Sen. Elizabeth Warren on Monday took the first major step toward launching a widely anticipated campaign for the presidency, hoping her reputation as a populist fighter can help her navigate a Democratic field that could include nearly two dozen candidates.
“No matter what our differences, most of us want the same thing,” the 69-year-old Massachusetts Democrat said in a video that highlights her family’s history in Oklahoma. “To be able to work hard, play by the same set of rules and take care of the people we love. That’s what I’m fighting for and that’s why today I’m launching an exploratory committee for president.”
Warren burst onto the national scene a decade ago during the financial crisis with calls for greater consumer protections. She quickly became one of the party’s more prominent liberals even as she sometimes fought with Obama administration officials over their response to the market turmoil.
Now, as a likely presidential contender, she is making an appeal to the party’s base.
In an email to supporters, Warren said she’d more formally announce a campaign plan early in 2019.
Warren is the most prominent Democrat yet to make a move toward a presidential bid and has long been a favorite target of President Donald Trump.
In mid-December, former Obama housing chief Julian Castro also announced a presidential exploratory committee, which legally allows potential candidates to begin raising money. Outgoing Maryland Rep. John Delaney is the only Democrat so far to have formally announced a presidential campaign.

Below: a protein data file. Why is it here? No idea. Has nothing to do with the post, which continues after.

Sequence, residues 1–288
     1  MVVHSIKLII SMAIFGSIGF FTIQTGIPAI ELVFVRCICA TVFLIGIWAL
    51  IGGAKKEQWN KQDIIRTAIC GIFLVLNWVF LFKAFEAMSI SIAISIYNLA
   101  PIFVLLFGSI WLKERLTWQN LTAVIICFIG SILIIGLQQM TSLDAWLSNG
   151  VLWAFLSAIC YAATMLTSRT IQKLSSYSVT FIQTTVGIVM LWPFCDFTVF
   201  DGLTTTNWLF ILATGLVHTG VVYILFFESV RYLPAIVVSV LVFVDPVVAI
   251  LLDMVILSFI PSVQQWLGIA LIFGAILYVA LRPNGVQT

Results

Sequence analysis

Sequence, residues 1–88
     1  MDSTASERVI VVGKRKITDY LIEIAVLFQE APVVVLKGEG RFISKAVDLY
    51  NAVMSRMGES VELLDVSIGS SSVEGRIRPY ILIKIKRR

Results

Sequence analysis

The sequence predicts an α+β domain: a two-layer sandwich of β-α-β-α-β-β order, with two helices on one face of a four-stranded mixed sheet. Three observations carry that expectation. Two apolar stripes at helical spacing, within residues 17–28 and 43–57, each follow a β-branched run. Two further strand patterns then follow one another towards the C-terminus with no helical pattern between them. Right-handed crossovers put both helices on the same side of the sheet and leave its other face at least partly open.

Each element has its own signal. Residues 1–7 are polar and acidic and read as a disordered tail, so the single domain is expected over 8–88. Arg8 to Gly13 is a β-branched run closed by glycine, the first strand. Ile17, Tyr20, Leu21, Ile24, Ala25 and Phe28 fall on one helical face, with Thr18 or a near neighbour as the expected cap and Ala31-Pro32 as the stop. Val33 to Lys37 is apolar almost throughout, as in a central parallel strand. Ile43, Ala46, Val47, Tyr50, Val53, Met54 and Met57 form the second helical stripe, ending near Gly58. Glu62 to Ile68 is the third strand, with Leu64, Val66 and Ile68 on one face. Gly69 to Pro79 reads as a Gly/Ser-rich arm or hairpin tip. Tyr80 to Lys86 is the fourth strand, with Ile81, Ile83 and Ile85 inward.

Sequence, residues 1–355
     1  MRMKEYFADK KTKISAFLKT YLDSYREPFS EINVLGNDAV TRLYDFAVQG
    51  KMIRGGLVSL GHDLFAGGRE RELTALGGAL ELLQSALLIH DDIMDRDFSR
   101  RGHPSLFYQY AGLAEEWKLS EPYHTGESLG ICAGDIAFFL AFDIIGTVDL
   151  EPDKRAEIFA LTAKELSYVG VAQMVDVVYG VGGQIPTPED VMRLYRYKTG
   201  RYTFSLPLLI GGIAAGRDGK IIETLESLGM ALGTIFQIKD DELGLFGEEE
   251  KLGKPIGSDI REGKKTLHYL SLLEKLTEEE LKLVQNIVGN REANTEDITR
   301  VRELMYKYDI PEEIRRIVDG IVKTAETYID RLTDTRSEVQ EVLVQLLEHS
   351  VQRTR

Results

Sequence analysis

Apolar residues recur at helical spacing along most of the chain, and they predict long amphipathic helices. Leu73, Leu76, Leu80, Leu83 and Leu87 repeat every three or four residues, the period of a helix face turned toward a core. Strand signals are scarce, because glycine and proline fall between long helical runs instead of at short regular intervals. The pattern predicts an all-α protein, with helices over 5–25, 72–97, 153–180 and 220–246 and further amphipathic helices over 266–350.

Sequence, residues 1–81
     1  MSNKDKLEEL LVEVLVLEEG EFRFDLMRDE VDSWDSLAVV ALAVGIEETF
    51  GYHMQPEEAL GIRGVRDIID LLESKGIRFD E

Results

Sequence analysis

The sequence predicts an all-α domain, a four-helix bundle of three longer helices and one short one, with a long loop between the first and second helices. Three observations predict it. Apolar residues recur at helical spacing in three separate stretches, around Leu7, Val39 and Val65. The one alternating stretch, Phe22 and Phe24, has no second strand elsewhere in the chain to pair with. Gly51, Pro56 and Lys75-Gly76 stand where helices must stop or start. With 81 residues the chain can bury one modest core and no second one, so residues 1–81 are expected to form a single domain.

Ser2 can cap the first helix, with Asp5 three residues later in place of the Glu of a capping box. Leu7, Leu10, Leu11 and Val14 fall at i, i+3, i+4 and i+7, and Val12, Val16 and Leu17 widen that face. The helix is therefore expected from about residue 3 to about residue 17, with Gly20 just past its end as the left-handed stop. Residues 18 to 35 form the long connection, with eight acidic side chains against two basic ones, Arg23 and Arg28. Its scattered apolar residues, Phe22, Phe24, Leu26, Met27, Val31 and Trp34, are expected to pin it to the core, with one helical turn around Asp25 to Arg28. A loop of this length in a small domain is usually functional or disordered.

But that’s likely to change quickly in the new year as other leading Democrats take steps toward White House runs.
Warren enters a Democratic field that’s shaping up as the most crowded in decades, with many of her Senate colleagues openly weighing their own campaigns, as well as governors, mayors and other prominent citizens. One of her most significant competitors could be Sen. Bernie Sanders, a Vermont independent who is eyeing another presidential run harnessing the same populist rhetoric.
She must also move past a widely panned October release of a DNA test meant to bolster her claim to Native American heritage. The move was intended to rebut Trump’s taunts of Warren as “Pocahontas.”
Warren has the benefit of higher name recognition than many others in the Democratic mix for 2020, thanks to her years as a prominent critic of Wall Street who originally conceived of what became the government’s Consumer Financial Protection Bureau.
She now faces an arduous battle to raise money and capture Democratic primary voters’ attention before Iowa casts its first vote in more than a year. She has an advantage in the $12.5 million left over from her 2018 re-election campaign that she could use for a presidential run.
Warren’s campaign is likely to revolve around the same theme she’s woven into speeches and policy proposals in recent years: battling special interests, paying mind to the nexus between racial and economic inequities.
“America’s middle class is under attack,” Warren said in the video. “How did we get here? Billionaires and big corporations decided they wanted more of the pie. And they enlisted politicians to cut them a fatter slice.”